A: It’s why we’ve created a centre to confront violent radicalization as a whole — political, religious, etc. Yes, here we’re dealing with Islamist radicalization, but in Quebec I’m also worried about extreme right-wing groups. Right now we’re reactive. But we need to be proactive. Dealing with all forms of violent extremism also gives us a long-term perspective for the centre. We’re the only centre in North America that is working in prevention.
Q: The success of the centre depends on people coming forward with their concerns about family or friends. But how do you get people to ask for help when there’s so much fear and shame involved?
A: When I talk to the families (of radicalized individuals), there’s a taboo. People are afraid to be treated as terrorists. Some parents have even lost their jobs because their kids wanted to go to Iraq. They need confidentiality and anonymity. But we also have to talk about this. We also have to make sure we don’t equate being Muslim with being radicalized, and that we make the difference between religious practice and indoctrination. One parent called the centre to say her son, who recently converted to Islam, now prays a lot and won’t eat pork anymore, therefore he’s a radical. We have to explain that there’s freedom of religion. He’s allowed not to eat pork. Then there’s indoctrination — when they are manipulated by someone with bad intentions who can dehumanize death to the point where a youth is ready to give his life in Syria.
Q: There was news last week that one of the youths who left Quebec in January was killed in Iraq or Syria, possibly on a suicide mission. What do you tell the youth’s parents?
A: You wouldn’t wish that on your worst enemy. They are in mourning. They feel they have failed, but this is a collective failure. Our role is also to help the family get past this, and in the long term to convince the parents that they don’t want others to have to go through the same experience. Hayat (an organization working with families of radicalized youths in Germany) has created a network of families. We want to do the same.
Q: When Coderre announced the creation of the centre in March, some prominent Muslims complained they hadn’t been consulted. How do you decide who to work with? How do you reach “the community”?
A: In Quebec, there are no “leaders of the Muslim community” or of the black community. But we have networks in our community with informal leaders. We’re working with all of them, with local media and community organizations. We want many interlocutors, as we did with community policing. Some people don’t want to have their names known, others, yes, want to be recognized. Some didn’t want it known that they were working with the police … For us, it’s important to speak to everyone, including the average citizen. I will consult who I want and with people who share the same values and are open to dialogue.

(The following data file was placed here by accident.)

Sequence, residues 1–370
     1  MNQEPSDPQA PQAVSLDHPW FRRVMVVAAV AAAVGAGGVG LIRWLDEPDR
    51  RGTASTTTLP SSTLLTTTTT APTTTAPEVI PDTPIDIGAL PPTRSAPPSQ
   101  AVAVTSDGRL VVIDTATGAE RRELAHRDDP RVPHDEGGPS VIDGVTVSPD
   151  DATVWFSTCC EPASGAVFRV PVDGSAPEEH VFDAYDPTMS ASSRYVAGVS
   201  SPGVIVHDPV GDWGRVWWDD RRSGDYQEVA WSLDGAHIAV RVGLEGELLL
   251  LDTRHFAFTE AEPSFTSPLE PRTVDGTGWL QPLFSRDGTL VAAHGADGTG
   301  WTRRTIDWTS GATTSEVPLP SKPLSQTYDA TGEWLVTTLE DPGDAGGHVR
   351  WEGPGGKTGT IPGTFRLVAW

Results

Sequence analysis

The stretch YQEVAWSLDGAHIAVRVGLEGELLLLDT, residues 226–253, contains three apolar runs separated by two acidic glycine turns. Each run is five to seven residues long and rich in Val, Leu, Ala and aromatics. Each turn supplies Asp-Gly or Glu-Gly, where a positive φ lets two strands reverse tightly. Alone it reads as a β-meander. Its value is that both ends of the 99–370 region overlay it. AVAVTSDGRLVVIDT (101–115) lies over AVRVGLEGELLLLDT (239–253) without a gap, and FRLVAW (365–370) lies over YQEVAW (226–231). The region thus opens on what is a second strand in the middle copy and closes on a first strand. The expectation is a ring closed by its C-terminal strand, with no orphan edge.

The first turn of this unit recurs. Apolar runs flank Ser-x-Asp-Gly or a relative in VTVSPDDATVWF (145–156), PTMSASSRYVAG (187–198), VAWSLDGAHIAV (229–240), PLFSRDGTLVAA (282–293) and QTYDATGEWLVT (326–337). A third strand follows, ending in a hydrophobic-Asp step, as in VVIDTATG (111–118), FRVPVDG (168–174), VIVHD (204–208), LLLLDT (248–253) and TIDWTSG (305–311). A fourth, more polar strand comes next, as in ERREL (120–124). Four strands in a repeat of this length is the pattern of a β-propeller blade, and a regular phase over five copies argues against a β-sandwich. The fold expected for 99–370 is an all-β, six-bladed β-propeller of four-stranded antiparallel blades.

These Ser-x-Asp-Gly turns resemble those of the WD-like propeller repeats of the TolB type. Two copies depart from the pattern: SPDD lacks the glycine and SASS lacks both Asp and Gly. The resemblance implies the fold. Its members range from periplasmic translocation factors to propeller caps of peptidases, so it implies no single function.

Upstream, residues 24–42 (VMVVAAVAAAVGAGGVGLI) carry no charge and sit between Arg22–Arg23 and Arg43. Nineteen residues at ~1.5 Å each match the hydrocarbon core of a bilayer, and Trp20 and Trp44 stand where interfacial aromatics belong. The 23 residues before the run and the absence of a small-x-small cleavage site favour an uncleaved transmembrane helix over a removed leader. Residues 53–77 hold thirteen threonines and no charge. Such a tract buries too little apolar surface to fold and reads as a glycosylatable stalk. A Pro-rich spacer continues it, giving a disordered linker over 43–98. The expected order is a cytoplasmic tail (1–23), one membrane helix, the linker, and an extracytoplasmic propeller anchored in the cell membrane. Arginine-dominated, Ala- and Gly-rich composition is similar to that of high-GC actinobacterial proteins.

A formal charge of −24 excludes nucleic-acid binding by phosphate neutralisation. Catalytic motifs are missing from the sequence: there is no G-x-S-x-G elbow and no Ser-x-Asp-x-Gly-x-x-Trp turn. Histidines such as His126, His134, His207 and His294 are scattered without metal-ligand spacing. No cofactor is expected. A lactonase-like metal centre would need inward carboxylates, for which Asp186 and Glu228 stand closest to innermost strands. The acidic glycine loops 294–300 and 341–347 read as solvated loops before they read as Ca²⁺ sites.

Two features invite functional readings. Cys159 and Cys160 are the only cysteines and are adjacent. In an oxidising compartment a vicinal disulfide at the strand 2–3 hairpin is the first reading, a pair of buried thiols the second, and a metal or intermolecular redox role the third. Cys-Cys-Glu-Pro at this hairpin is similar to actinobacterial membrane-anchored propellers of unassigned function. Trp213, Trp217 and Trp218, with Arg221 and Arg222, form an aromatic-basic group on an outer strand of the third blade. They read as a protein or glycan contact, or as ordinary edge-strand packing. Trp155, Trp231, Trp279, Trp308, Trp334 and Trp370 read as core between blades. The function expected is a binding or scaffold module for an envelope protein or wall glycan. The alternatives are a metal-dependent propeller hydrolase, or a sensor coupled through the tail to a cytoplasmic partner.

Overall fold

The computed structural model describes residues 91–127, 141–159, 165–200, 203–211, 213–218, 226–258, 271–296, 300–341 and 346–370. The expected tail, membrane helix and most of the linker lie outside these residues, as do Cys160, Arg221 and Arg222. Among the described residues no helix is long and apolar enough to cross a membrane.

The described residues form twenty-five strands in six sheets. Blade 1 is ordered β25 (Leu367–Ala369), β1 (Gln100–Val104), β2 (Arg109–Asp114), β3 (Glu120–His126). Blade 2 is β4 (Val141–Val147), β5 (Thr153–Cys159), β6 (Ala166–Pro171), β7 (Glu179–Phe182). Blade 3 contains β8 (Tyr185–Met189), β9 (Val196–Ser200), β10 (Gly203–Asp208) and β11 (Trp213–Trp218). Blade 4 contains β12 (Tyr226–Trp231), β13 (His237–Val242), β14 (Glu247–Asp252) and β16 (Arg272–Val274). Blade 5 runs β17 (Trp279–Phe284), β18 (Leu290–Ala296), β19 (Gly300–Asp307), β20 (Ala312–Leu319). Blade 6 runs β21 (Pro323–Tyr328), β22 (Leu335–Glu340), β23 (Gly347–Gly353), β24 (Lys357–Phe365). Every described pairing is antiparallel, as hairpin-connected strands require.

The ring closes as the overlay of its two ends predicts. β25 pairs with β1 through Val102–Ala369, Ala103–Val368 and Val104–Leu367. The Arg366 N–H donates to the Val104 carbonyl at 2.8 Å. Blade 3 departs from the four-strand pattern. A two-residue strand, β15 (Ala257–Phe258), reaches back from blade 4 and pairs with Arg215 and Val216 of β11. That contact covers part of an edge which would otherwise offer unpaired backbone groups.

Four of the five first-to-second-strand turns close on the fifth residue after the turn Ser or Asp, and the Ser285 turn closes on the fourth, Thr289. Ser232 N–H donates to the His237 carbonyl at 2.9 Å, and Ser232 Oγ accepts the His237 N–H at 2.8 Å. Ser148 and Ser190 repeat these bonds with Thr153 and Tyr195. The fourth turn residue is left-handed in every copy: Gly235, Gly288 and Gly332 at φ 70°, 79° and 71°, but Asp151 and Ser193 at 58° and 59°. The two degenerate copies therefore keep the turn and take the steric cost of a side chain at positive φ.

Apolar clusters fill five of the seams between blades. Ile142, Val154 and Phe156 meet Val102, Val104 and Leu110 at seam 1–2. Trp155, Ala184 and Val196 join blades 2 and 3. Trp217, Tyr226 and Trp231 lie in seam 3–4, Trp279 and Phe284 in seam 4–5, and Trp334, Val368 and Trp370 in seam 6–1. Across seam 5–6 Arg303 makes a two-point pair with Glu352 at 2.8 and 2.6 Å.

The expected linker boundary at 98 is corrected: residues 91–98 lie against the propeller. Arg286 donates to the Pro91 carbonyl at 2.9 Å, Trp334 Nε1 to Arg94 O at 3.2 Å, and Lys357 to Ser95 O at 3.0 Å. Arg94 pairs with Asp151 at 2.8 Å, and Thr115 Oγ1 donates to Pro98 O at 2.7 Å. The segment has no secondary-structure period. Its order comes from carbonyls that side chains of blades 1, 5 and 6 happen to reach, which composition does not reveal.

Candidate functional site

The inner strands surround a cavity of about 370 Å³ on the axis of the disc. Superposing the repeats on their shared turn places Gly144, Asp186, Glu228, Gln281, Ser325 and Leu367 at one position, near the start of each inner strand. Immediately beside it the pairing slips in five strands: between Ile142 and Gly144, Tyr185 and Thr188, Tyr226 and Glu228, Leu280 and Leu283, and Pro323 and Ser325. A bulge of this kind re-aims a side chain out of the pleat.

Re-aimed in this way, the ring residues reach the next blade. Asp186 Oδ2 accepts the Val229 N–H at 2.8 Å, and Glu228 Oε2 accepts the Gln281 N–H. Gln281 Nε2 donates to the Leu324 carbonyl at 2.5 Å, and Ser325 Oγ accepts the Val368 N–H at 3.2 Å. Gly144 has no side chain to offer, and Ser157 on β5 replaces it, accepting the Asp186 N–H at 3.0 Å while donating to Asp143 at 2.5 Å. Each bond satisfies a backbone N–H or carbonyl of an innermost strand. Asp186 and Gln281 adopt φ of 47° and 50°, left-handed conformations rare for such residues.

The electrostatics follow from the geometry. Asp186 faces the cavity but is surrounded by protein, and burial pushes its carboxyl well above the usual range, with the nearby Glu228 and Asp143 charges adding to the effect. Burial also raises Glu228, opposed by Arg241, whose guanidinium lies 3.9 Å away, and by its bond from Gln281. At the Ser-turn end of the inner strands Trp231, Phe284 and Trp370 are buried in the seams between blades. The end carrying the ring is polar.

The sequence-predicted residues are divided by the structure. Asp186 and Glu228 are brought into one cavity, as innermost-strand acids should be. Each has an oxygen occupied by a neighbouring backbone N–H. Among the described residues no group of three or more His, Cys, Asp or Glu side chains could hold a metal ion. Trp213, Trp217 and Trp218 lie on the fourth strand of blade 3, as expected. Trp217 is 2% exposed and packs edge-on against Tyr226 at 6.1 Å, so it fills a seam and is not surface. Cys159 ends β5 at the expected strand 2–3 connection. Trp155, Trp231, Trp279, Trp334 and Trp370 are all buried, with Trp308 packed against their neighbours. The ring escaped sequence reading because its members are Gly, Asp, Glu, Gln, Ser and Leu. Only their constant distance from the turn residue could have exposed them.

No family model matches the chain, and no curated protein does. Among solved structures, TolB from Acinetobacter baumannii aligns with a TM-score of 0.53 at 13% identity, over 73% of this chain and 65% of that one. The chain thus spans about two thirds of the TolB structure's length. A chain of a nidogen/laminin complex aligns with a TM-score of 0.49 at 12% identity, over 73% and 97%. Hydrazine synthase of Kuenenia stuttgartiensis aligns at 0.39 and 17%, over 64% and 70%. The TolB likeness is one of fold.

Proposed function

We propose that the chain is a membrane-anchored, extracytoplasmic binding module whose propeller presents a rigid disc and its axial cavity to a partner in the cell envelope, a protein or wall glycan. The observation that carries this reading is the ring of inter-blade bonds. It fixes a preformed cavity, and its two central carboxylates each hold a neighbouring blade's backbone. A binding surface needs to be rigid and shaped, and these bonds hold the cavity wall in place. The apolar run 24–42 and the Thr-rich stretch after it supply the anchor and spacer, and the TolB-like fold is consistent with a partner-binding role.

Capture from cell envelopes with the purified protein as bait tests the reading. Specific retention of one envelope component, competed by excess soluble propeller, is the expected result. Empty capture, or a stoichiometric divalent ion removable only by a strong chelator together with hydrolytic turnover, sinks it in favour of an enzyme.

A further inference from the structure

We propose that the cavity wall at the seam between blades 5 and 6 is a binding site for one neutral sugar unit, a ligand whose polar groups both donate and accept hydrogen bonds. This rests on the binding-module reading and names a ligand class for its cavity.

Q: What kind of work will you be doing in schools, like College de Maisonneuve, for example, attended by several of the youths who left for the Middle East in January?
A: Radicalization starts early, so we will be giving training in primary and secondary schools as well as CEGEPs. We’ll have specialized programs for schools, security services and community organizations. People will be able to signal their concerns through our website as well, and we will be present on social media … Our report on College de Maisonneuve will be ready in September.
Q: What will be the measure of your success?
A: If I succeed in stopping one person from radicalizing, it’s a success. One case of radicalization is a failure. Imagine the consequences of just one radical youth who turns to violence. The consequences can be extreme — economically, socially and politically. We don’t want this to happen again chez nous.
Photo : Pierre Obendrauf
Source : http://montrealgazette.com/news/local-news/head-of-new-radicalization-prevention-centre-vows-independence-from-police
- Posted by webmestre
- On 22 September 2015